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Eurozone backlash will not phase investors as Asia shines

7 Dec

The debt crisis in Europe provoked fears of contagion, as Asian companies prepared to face the backlash of the economic downfall in the eurozone.

But despite the turmoil, investors are not phased by the possibility of contagion. In fact, they are expecting credit-rating upgrades in Asian countries.

As fifteen eurozone countries face the threat of a downgrade by rating agency Standard and Poor’s, Indonesia and the Philippine’s are being seen as desirable economies for investors, with a possibility for an upgrade from the Philippine’s Ba2 status.

It’s not the first time Asian countries have withstood during times of economic instability; China was upgraded by Moody’s to Aa3 in 2008, after the collapse of the Lehman Brothers which caused a global economic crisis.

Agnes Belaisch at Threadneedle Asset Management in London said: “Further rating upgrades will reward those emerging countries that manage this new stress test successfully, as they did just a couple of years back.”

To put things into perspective, here are some comparisons between European and Asian countries:
When Greece’s debt problems were in full swing, the ratio of debt to gross domestic product was 143 at the back of 2010. France, an economy which is seen as one of Europe’s six triple A’s, was at 82 per cent. A far cry from 16 per cent, 26 per cent and 52 per cent seen in China, Indonesia and the Philippines.

There were also significant differences in the average basis point gains on credit-default swaps, with Asian countries seeing an average rise of 65 basis points to 163 points for 2011, as eurozone countries lifted to 305 from 122.

The graph shows how the credit-default swaps in some of the strongest Asian countries are continuing to fall, which suggests investors are not phased by the possibility of European backlash.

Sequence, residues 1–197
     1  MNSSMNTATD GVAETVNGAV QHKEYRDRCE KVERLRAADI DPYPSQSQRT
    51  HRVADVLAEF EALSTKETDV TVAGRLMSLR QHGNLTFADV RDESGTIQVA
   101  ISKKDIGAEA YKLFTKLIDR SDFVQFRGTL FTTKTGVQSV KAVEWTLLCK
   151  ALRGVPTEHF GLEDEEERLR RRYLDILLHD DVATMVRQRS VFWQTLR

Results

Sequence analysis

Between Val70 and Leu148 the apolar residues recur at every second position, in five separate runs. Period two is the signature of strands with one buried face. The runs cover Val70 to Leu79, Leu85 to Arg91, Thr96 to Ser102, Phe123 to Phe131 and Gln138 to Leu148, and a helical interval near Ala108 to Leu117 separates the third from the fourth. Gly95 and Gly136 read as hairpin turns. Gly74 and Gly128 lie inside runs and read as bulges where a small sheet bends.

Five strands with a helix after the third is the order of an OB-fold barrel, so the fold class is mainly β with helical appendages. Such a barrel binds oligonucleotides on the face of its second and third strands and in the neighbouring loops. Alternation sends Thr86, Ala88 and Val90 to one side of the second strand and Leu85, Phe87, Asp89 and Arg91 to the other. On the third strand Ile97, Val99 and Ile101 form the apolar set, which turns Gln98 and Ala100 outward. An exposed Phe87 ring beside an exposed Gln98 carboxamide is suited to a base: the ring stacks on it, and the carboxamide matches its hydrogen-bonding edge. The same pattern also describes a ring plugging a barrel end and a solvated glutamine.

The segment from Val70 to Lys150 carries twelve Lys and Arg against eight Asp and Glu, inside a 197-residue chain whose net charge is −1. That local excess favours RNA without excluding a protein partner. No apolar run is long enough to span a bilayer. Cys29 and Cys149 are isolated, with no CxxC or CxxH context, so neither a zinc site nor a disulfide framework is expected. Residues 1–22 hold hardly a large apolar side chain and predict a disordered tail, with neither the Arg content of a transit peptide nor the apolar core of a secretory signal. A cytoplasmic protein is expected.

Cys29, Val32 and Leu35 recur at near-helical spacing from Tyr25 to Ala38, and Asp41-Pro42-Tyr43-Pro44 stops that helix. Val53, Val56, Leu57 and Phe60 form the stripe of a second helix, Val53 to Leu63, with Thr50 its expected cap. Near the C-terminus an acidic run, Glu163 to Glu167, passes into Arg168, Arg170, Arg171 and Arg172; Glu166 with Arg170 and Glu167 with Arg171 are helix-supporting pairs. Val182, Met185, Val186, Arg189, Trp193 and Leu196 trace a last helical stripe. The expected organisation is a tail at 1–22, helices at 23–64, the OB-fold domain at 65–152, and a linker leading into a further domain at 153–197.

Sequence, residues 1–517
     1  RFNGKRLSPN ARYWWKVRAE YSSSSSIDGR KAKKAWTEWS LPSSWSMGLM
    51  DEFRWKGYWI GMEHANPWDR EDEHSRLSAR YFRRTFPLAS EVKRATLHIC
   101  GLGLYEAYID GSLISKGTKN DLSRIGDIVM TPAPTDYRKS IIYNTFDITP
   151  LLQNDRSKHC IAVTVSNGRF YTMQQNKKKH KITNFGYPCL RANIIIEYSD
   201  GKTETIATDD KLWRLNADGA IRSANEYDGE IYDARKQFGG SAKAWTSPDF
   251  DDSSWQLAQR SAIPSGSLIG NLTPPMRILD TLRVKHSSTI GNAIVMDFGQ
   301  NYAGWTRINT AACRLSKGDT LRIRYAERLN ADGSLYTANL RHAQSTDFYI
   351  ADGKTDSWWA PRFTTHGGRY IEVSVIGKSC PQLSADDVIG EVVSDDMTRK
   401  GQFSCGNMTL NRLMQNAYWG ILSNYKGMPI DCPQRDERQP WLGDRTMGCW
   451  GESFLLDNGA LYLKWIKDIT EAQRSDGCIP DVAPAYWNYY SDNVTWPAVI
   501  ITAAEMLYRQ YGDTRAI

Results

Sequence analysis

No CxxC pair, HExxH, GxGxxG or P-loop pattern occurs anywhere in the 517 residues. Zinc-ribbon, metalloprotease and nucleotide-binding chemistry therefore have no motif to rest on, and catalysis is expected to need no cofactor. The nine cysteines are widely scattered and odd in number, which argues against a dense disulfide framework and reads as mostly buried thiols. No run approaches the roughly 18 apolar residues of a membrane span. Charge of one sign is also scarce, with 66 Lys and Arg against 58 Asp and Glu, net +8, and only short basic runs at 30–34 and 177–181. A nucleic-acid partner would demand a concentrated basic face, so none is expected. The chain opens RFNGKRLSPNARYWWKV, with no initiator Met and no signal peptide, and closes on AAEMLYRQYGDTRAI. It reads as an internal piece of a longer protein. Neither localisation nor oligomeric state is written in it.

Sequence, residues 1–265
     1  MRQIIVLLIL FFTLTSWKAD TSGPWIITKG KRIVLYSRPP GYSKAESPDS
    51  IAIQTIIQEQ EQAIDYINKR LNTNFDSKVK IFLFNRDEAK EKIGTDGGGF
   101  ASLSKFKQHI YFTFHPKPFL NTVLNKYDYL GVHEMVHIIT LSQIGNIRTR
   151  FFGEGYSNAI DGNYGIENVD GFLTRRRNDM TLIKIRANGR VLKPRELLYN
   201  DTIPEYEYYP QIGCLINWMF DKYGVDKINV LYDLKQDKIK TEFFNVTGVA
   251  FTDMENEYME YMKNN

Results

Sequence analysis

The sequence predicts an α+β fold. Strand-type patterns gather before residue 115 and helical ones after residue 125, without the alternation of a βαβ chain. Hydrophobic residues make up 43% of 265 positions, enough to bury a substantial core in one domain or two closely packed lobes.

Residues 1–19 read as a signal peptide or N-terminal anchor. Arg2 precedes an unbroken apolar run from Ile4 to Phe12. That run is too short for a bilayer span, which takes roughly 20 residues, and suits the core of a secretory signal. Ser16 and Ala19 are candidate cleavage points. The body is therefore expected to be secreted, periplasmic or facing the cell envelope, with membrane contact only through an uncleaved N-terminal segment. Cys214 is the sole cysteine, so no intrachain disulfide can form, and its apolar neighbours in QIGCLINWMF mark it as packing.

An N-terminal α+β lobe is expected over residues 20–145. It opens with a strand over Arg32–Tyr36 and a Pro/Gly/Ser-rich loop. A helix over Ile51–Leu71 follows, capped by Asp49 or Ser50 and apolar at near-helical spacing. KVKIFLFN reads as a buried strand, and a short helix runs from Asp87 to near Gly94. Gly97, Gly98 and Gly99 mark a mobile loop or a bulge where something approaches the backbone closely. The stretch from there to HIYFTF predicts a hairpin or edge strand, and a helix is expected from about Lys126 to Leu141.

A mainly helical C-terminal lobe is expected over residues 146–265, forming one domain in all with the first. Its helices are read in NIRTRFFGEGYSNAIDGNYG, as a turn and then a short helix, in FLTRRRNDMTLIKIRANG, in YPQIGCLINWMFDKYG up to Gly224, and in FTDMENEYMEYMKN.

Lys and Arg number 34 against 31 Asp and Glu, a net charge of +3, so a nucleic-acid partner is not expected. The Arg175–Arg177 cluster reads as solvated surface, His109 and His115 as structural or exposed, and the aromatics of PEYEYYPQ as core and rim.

Whilst countries in the eurozone gained a mere 1.4per cent rate on average in the third quarter, Asia’s ten biggest economies excelled, tripling Europe’s rate, reaching an average of 5.2per cent.

Thomas Byrne, senior vice president at Moody’s Investors Service said: “If there’s continued good policy performance, macroeconomic stability in these countries and they weather this distress coming from the euro zone, in general that would be a credit-positive development.”

Whilst it is evident Asian countries are excelling in comparison with Europe, the eurozone continues to hinder other economies from becoming stronger. Andrew Coloqhoun from Fitch Ratings fears Asian countries could be at risk if Europe announce further cuts to global growth forecasts. However, the Financial Times reports he is confident there could be upgrades for both Indonesia and South Korea in the foreseeable future.

Threat of downgrade for six strongest European Economies

7 Dec

Ratings agency Standard and Poor’s has warned six of Europe’s biggest economies they may lose their cherished high credit ratings.

Standard and Poor’s outlined the reasons for its move: “by our belief that systemic stresses in the eurozone have risen in recent weeks to the extent that they now put downward pressure on the credit standing of the eurozone as a whole”.

France and Germany are amongst the fifteen eurozone countries which have been put on negative watch. They currently hold triple A credit ratings. The immaculate rating shows the borrower’s debts pose a minimal threat of defaulting. The implications of a downgrade can be unattractive to investors, who may wish to stay clear of countries at risk.

The move came just days before Friday’s EU summit, where it has been speculated there could be discussions on almost doubling the size of the euro’s rescue fund. This would mean the eurozone’s current bailout fund of 440 billion euro’s will still be in force when a further 550 billion euro’s become available in the middle of next year.

Standard and Poor’s warning had an impact on financial markets today, with a fall on the euro, trading 0.1 per cent at 1.34 dollars today. Government bond yields rocked today, with yields on French 10-year-bond yields a rising ten basis points to 3.21 per cent.

US Treasury bond yields stood out with a session high, rising four basis points, whilst German bunds saw a 2bp fall to 2.18 per cent.

Meanwhile, Italy benefits from an increase in trade, following a slide from an unaffordable 7 per cent that it was recently forced to pay, to 5.81 per cent on Rome’s 10-year-yields.

Investors eagerly await the outcome of Friday’s summit.